DISSIDENT Chinese artist Ai Weiwei poked fun at Hong Kong’s autonomy from mainland China after he was denied his request to open a bank account with HSBC while at the bank’s headquarters in Hong Kong on Tuesday.
Poking fun at the “One country, two systems” principle under which China and Hong Kong operate, the controversial artist suggested in an Instagram post that perhaps “one country, one system” would be better as the same did not happen in his home city of Beijing.
Ai’s comment, posted on Tuesday, read:
“I’m in Hong Kong, trying to open an account at HSBC. My request was refused due to a “commercial decision” from the headquarter. This has not happened to me in Beijing. Maybe “one country, one system” is better.”
A spokesperson for HSBC told South China Morning Post that, while the bank would not discuss individual cases specifically, “HSBC does not decline to open bank accounts because of individuals’ political views.”
One of the world’s most famous living artists, Ai has long run foul of Chinese authorities, culminating in 81 days of detention in 2011 amid a wider crackdown on political dissent. He was subsequently banned from travelling overseas for more than four years and his passport was confiscated.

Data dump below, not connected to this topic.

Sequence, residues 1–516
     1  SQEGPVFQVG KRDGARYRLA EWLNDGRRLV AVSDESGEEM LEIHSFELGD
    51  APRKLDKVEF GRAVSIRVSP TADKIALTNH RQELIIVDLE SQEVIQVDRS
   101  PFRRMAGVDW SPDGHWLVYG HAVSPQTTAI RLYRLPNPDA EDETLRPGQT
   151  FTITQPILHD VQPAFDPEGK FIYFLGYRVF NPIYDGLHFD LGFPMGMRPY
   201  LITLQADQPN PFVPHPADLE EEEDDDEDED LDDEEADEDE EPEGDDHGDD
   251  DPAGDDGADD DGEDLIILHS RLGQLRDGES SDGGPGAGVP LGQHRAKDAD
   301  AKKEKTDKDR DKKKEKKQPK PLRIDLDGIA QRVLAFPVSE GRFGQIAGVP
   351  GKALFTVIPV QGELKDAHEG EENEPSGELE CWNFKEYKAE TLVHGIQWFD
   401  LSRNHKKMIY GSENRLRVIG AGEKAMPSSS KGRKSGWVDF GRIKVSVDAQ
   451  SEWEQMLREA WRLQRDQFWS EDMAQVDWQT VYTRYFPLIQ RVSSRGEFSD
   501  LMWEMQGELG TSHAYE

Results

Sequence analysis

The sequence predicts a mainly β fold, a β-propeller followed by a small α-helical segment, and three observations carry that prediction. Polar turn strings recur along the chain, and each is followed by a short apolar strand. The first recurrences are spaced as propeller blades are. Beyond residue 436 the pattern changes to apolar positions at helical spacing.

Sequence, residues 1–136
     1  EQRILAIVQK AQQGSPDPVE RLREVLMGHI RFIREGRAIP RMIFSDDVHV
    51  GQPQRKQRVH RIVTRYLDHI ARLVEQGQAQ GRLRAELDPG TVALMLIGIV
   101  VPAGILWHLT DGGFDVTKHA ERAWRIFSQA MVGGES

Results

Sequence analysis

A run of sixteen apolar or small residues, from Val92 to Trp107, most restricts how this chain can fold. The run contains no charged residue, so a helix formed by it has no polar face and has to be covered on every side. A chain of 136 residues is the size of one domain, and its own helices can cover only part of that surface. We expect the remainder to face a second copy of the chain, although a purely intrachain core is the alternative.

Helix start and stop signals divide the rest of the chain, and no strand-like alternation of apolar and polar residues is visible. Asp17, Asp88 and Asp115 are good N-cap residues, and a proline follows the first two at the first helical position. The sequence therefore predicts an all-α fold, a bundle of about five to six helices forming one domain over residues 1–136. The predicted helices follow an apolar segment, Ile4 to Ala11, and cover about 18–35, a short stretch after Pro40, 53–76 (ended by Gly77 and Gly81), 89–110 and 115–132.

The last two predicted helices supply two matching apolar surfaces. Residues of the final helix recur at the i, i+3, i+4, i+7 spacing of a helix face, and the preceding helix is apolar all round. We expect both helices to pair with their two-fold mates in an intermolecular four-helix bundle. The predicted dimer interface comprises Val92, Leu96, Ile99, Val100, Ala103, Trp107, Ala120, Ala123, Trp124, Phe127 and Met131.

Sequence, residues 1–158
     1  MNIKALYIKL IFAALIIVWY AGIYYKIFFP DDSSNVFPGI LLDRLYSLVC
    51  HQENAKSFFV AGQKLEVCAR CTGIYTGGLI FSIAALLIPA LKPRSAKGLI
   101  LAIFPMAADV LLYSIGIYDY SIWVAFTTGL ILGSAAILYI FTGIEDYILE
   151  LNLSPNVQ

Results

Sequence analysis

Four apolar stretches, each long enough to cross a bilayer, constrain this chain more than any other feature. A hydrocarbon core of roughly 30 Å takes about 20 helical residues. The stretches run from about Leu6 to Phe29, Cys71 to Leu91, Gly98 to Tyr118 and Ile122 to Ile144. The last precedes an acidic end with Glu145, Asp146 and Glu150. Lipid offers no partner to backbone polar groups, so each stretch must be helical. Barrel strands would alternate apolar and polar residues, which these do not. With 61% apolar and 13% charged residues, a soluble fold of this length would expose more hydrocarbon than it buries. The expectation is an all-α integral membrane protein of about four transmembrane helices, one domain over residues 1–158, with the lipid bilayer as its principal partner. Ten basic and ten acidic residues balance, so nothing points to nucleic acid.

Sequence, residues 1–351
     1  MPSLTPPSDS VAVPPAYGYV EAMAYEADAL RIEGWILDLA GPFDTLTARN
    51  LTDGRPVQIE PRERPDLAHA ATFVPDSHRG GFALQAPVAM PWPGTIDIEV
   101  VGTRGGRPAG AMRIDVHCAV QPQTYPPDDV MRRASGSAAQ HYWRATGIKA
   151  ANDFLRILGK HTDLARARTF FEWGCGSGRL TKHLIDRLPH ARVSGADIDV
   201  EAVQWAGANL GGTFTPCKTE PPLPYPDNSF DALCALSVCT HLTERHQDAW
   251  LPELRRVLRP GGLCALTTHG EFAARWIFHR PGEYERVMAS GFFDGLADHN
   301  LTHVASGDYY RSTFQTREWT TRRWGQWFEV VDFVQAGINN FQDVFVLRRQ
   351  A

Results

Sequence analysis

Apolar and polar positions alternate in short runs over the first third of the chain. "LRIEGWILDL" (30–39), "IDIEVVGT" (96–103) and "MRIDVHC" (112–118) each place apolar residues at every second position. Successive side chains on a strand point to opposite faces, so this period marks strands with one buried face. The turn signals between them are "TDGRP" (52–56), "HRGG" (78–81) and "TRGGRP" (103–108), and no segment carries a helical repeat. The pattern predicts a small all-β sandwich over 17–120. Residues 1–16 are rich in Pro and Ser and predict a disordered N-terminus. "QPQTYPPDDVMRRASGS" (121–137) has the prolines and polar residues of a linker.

But Ai’s case is not unique as this is not the first time that Chinese banks have been accused of blocking accounts or financial transactions involving dissidents or opposition figures.
In February, the Bank of China closed the account of Hong Kong’s pro-independence party, Youngspiration. The personal account of the party’s ousted lawmaker Baggio Leung was also frozen by HSBC. Leung and another ousted lawmaker, Yau Wai-ching, were using the party’s account to receive donations for a legal battle with the government over the disqualifications for their oaths of office.
Democracy activist Joshua Wong also claimed that HSBC refused to open accounts for his party, Demosisto, back in April last year.
At the time, Wong accused the bank of “political censorship”.
Banks globally have been implementing stricter vetting procedures and background checks after a number of institutions received sizeable penalties for not doing enough to combat money laundering and terrorism. As a result of this, many now employ commercial databases to assess the risks of politically-sensitive customers.